EFF is teaming up with the Mozilla Foundation to tell Venmo to clean up its privacy act. In a public letter sent to President/CEO Dan Schulman and COO Bill Ready today, we are telling Venmo to make transactions private by default and let users hide their friend lists.

Both EFF and Mozilla have voiced concern with Venmo’s privacy practices in the past. Venmo is marketed as a way for friends to send and receive money, so people can easily split bills like restaurant checks or concert tickets. However, those transactions are public by default, which can reveal private details about who you spend time with and what you do with them. While users do have an option to hide their transactions if they dig into Venmo’s privacy settings, there is no way for users to hide their friend lists. That means that anyone can uncover who you pay regularly, creating a public record of your personal and professional community.

Venmo is out of excuses to neglect privacy best practices. Read our letter below, and look out for an update if and when we receive a response.

Dear Mr. Shulman and Mr. Ready,

We are writing to express our deep concern about Venmo’s disregard for the importance of user privacy, and to call on Venmo to make two critical changes to its privacy settings: make transactions private by default, and give users privacy settings for their friend lists.

As you are likely aware, last year Hang Do Thi Duc, who was at the time a Mozilla Fellow, exposed the serious implications of Venmo’s settings by uncovering how countless Venmo users’ drug habits, junk food vices, personal finances, and fights with significant others are available for all to see. Although you made the decision to adjust the rate limit for public data after major news coverage of Do Thi Duc’s work, and a subsequent Mozilla petition that gained over 25,000 signatures, you still have not sufficiently prioritized newsfeed privacy. In recent months, another researcher, Dan Salmon, was able to obtain an additional 7 million public transactions.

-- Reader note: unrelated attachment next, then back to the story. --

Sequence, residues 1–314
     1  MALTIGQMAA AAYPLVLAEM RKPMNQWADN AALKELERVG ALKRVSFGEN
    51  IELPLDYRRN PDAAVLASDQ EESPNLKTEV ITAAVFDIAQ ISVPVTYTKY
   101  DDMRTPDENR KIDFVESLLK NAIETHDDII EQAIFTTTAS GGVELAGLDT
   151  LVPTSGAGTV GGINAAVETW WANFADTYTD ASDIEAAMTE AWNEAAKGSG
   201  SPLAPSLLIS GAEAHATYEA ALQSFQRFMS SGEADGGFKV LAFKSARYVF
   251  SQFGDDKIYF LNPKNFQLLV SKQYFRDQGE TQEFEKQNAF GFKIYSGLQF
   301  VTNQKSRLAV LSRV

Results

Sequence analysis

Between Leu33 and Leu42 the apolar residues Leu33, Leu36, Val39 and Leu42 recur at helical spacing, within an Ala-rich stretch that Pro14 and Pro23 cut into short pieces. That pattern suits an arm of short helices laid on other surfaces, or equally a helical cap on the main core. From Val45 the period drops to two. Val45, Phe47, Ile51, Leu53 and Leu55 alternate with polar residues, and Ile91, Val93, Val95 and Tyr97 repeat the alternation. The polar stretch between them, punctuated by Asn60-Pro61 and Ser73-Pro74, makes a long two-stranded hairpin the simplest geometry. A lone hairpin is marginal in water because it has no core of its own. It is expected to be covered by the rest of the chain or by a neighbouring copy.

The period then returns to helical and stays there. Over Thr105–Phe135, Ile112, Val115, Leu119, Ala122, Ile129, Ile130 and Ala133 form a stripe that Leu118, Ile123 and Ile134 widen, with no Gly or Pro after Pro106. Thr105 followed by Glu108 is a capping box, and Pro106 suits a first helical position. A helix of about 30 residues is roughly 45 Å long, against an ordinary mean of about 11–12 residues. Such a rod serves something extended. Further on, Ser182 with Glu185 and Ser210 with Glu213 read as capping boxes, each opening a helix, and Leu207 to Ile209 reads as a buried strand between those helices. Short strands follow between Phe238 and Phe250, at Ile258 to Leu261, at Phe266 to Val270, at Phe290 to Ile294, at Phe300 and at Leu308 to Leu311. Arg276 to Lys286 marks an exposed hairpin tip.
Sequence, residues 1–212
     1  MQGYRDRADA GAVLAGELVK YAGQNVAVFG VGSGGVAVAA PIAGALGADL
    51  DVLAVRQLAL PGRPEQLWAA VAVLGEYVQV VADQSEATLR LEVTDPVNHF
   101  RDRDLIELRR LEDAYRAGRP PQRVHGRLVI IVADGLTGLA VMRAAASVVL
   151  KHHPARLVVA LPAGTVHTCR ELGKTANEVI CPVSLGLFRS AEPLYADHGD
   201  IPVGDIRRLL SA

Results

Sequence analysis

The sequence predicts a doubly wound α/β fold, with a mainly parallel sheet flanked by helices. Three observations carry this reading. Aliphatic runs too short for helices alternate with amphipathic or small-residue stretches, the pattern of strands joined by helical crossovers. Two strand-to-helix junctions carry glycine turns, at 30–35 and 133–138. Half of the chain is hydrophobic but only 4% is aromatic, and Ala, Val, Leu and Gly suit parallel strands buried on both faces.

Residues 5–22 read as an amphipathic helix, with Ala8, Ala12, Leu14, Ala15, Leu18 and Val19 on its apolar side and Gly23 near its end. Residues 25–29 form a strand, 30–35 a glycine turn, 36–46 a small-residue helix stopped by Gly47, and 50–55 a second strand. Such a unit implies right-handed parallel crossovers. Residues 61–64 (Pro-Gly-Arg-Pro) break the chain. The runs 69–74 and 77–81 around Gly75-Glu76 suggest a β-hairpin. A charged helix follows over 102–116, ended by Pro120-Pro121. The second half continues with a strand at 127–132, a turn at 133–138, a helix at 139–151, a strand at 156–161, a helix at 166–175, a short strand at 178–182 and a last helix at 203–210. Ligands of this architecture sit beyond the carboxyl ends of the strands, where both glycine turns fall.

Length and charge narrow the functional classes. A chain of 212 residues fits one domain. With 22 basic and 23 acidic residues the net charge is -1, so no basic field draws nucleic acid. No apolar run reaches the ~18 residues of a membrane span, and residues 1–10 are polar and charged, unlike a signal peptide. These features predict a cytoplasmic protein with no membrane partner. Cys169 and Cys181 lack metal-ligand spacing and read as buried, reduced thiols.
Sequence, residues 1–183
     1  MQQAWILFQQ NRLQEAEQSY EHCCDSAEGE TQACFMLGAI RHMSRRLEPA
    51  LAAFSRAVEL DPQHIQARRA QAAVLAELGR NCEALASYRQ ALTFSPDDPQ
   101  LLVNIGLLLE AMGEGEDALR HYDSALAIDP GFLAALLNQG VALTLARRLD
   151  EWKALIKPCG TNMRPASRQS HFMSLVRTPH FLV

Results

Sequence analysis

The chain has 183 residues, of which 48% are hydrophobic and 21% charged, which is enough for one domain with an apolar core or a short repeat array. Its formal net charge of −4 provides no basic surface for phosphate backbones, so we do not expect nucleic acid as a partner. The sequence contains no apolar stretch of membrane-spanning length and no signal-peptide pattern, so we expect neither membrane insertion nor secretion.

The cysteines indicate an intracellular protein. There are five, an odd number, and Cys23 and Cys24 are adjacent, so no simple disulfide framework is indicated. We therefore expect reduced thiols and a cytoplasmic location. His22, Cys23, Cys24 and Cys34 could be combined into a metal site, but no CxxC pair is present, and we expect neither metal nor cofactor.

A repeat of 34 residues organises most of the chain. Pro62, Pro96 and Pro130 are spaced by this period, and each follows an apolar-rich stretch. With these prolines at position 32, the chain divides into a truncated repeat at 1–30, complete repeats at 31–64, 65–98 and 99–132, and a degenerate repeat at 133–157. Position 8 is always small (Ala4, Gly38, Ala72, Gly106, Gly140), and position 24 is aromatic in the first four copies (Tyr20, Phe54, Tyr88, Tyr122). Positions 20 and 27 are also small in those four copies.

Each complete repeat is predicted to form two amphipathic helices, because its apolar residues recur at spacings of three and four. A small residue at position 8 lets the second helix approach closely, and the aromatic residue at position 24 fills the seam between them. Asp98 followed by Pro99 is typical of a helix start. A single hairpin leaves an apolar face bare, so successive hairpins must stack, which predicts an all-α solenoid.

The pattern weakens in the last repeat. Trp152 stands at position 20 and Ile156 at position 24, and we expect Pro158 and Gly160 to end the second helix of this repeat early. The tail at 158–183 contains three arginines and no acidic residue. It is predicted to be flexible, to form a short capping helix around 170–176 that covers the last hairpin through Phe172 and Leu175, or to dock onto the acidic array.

Users’ transactions are not the only sensitive data Venmo makes public—their friend lists are also exposed to the open web. And while Venmo offers a setting for users to make their transactions private, there is no option for a user to hide their friend list. Despite an EFF campaign around this issue, Venmo has given no reason for this discrepancy. The list of people with whom you exchange money paints a startlingly clear picture of the people who live, date, and do business with you. Just as Venmo has given users newsfeed privacy settings, it must give them, at a minimum, equivalent friend list privacy settings.

Venmo’s disregard for its users’ privacy is especially alarming as the company expands. It appears your users may assume that, like their other financial transactions, their activity on Venmo is both private and secure. They might not know that they must change their newsfeed privacy settings—or, in the case of friend lists, that they have no option to do so. As a result, they are vulnerable to stalking, snooping, or hacking with so much of their data available to anyone on the web.

In an era of massive financial data breaches, consumers are increasingly concerned and Venmo has the opportunity to lead the way by making privacy its default.

As two organizations deeply invested in the strength and health of a secure, private, and vibrant internet, we urge you to make these pro-privacy changes.

Thank you for your consideration,
Electronic Frontier Foundation

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